For twenty-five years, the trusted family doctor in a small Wyoming town had been raping and molesting the women and children who most relied on him.
Mostly Mormons, the naive victims sometimes realized on their wedding nights the truth about what had happened in Dr. Story's office.
In riveting detail, veteran crime writer Jack Olsen tells the searing story of a small group of courageous women who decided to bring a doctor to justice — and unearthed a legacy of pain and anger that would divide their families, their neighbors, and an entire town Publishers Weekly: This masterful book by the author of Son, as much a searching sociological study as a true-crime narrative, tells what happened in Lovell when these happenings came to light: the community lost its bearings and the doctor was convicted of rape.
Kirkus: From popular true-crime veteran Olsen (Son; Cold Kill; etc.), the widely publicized case that tore a small Wyoming town apart when the local doctor was accused, then convicted, of raping patients under the guise of giving them pelvic examinations. Lowell, Wyoming, was a town divided largely along religious lines: a Mormon majority and a Baptist minority. When Dr. John Story arrived to start up a practice, he found a warm welcome: a doctor was needed and, though he was a Baptist, his strict habits (which led him to start his own, more fundamentalist church) won the respect of Mormons who flocked to him as patients. But in 1983, after years of suspicions they had tried to dismiss, two sisters came forward with accusations of rape, inspiring dozens of other women (some elderly) to at last speak up. Some victims had been silent because of the Mormon code that seemed to hold women responsible for any extramarital sex; others had taken their case to the police (and not been believed), to Church leaders (who told them to switch doctors), and to the medical association (which did nothing). The 1983 accusers were vilified by the town (even by many Mormons, some grateful for Story's medical care, others sensitive to his claim that the case was a Mormon conspiracy); some lost their jobs and businesses, but Story was eventually convicted and is now doing 15-20 years. Engrossing true drama--and a more balanced than usual picture of Mormon life and values.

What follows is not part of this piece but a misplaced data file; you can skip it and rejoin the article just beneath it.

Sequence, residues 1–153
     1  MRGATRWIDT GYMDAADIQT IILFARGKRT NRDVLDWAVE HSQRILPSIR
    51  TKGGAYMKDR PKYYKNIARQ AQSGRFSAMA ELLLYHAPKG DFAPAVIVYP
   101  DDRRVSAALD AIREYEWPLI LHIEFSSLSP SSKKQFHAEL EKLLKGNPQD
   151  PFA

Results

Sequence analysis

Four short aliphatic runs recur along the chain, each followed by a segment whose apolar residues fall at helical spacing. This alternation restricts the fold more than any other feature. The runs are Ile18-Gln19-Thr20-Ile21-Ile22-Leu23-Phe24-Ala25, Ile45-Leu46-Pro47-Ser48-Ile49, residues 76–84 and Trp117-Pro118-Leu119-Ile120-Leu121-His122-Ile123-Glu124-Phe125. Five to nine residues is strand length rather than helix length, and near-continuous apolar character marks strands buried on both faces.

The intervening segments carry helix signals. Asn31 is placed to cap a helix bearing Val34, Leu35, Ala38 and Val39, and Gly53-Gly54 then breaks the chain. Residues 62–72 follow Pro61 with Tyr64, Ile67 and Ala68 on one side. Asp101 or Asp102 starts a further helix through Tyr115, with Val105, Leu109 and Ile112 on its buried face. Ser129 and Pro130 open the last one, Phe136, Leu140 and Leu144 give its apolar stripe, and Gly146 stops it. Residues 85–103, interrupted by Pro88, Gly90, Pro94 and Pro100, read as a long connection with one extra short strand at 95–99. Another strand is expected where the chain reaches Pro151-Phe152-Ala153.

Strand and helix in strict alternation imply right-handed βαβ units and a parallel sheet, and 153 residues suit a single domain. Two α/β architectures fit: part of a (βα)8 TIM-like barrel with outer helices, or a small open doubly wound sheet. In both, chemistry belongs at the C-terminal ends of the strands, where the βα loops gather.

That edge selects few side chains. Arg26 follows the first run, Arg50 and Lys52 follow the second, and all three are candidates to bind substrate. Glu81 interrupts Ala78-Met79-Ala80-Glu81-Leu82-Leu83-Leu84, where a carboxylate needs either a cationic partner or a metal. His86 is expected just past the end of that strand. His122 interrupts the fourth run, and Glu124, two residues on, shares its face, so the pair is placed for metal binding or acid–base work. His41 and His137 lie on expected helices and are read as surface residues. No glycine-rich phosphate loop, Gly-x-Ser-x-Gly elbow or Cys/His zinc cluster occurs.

The award-winning author of thirty-three books, Jack Olsen’s books have published in fifteen countries and eleven languages. Olsen's journalism earned the National Headliners Award, Chicago Newspaper Guild's Page One Award, commendations from Columbia and Indiana Universities, the Washington State Governor's Award, the Scripps-Howard Award and other honors. He was listed in Who's Who in America since 1968 and in Who's Who in the World since 1987. The Philadelphia Inquirer described him as "an American treasure."
Olsen was described as "the dean of true crime authors" by the Washington Post and the New York Daily News and "the master of true crime" by the Detroit Free Press and Newsday. Publishers Weekly called him "the best true crime writer around." His studies of crime are required reading in university criminology courses and have been cited in the New York Times Notable Books of the Year. In a page-one review, the Times described his work as "a genuine contribution to criminology and journalism alike."